Adebayo and Ors v Commissioner of an Garda Siochana

Respondent/Defendant:Commissioner of an Garda Siochana
Court/s:High Court, Supreme Court
Citation/s:[2004] IEHC 359, [2006] 2 IR 298
Judgment Date/s:02 Mar 2006
Keywords:Deportation, Deportation Order

This case involved three separate applicants who challenged, inter alia, the decisions to deport them notwithstanding that they had sought judicial review of their deportation orders. The first-named applicant filed an application for leave to bring judicial review proceedings seeking an order quashing his deportation order. The applicant’s solicitor faxed a letter to the Repatriation Unit of the Department of Justice informing the authorities that judicial review proceedings had been filed. No undertaking was given not to deport the applicant and no interim injunction had been granted. The authorities did not consider there to be any obligation not to deport the applicant. Having received no reply from the Department, the applicant’s solicitor sought an interim injunction, which was granted. The applicant was, nonetheless, deported.

The High court ordered that the applicants should be facilitated in their return to the State for the purpose of continuing to prosecute their judicial review proceedings in respect of the deportation orders made against them. The Court stated that the deliberate disobedience of a court order was a matter of the utmost gravity, but found that the Commissioner had not been aware of the making of the order.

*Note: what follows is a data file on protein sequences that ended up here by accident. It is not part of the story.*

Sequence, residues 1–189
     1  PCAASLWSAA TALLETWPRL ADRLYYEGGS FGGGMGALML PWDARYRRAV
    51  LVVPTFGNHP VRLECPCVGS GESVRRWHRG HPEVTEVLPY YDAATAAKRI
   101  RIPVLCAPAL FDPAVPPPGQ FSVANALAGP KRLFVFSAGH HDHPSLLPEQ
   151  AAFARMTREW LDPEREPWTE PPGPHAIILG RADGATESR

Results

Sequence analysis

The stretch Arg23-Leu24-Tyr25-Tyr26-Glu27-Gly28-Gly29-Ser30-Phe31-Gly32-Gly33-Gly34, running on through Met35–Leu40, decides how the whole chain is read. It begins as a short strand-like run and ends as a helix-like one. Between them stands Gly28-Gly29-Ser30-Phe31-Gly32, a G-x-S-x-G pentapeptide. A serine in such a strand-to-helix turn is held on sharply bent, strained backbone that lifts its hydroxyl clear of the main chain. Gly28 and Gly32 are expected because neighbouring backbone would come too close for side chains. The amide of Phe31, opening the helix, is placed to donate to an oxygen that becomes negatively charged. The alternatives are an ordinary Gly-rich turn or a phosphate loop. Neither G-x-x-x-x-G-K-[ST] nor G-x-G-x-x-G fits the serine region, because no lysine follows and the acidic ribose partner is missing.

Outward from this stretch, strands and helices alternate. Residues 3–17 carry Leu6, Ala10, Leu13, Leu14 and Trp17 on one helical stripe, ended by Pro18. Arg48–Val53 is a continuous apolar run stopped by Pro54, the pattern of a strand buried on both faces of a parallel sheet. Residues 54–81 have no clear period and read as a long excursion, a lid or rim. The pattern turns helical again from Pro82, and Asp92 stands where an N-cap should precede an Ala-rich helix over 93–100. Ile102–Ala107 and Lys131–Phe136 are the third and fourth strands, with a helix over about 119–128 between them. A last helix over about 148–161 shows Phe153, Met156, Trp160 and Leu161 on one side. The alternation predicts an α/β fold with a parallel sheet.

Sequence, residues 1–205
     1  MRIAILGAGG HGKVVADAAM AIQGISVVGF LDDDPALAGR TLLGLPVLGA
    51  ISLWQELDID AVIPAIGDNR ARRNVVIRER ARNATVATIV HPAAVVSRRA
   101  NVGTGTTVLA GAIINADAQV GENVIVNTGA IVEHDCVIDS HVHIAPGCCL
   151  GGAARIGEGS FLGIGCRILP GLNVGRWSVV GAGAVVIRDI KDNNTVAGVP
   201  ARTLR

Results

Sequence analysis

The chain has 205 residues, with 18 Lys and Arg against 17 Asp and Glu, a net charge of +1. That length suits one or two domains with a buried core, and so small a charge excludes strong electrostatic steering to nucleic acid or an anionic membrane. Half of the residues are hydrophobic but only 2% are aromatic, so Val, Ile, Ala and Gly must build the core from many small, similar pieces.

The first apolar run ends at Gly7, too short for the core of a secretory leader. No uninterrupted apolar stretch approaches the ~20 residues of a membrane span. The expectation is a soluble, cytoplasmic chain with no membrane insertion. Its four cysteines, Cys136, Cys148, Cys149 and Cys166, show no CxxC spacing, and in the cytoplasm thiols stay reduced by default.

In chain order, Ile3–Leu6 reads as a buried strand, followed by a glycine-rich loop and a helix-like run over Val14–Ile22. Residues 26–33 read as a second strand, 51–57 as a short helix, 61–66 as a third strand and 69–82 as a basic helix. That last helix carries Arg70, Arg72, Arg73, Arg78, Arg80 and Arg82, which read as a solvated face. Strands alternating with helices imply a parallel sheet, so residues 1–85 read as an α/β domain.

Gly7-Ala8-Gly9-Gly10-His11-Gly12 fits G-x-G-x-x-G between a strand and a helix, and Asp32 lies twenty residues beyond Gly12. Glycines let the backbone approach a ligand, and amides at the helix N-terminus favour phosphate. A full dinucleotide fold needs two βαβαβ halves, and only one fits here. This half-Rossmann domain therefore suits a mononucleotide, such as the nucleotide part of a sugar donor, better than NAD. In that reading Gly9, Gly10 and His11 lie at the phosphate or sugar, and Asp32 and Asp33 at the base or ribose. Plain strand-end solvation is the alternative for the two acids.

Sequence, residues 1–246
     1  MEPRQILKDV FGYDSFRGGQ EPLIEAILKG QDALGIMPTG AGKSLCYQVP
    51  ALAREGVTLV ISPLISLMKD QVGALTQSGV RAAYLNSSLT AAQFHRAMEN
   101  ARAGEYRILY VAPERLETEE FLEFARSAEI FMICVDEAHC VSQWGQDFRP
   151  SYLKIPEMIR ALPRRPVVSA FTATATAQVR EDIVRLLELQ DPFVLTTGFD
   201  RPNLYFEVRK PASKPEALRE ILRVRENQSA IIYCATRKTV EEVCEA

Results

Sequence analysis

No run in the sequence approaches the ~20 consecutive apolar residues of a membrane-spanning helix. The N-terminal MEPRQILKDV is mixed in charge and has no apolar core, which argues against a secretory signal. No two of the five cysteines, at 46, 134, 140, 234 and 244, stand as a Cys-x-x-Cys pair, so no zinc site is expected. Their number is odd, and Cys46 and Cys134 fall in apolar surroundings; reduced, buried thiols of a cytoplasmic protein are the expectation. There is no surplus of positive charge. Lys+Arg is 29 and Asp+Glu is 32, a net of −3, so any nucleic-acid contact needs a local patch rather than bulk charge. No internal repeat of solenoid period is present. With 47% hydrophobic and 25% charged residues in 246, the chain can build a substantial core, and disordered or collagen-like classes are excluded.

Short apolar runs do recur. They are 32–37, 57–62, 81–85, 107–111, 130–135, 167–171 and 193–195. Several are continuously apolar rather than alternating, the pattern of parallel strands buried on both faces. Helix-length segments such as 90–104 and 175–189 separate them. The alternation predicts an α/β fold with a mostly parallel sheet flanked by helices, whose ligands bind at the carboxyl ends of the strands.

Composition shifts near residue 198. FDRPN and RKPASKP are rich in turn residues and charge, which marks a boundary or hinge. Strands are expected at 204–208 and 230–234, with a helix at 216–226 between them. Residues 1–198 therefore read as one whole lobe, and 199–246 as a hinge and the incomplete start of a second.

The Respondents appealed the decision to the Supreme Court. The Supreme Court held, inter alia, that no deportation may be implemented during the currency of the fourteen day period pursuant to Section 5 of the Illegal Immigrants (Trafficking) Act 2000 and that if an application for leave to seek judicial review is brought within that period no deportation order may be implemented until the court determines the application for leave and only then if the court does not order otherwise upon the granting of leave.

The Court stated that, having regard to the nature and intent of the legislation, it was likely that a court, exercising its discretion, would normally grant an injunction if leave were granted. The Court also stated that people who challenge deportation orders outside the fourteen day period have prima facie no right to remain in the State and that the State is perfectly entitled to implement deportation in those cases.

Principles:Deportation may not be implemented during the fourteen day period pursuant to Section 5 Illegal Immigrants (Trafficking) Act 2000.
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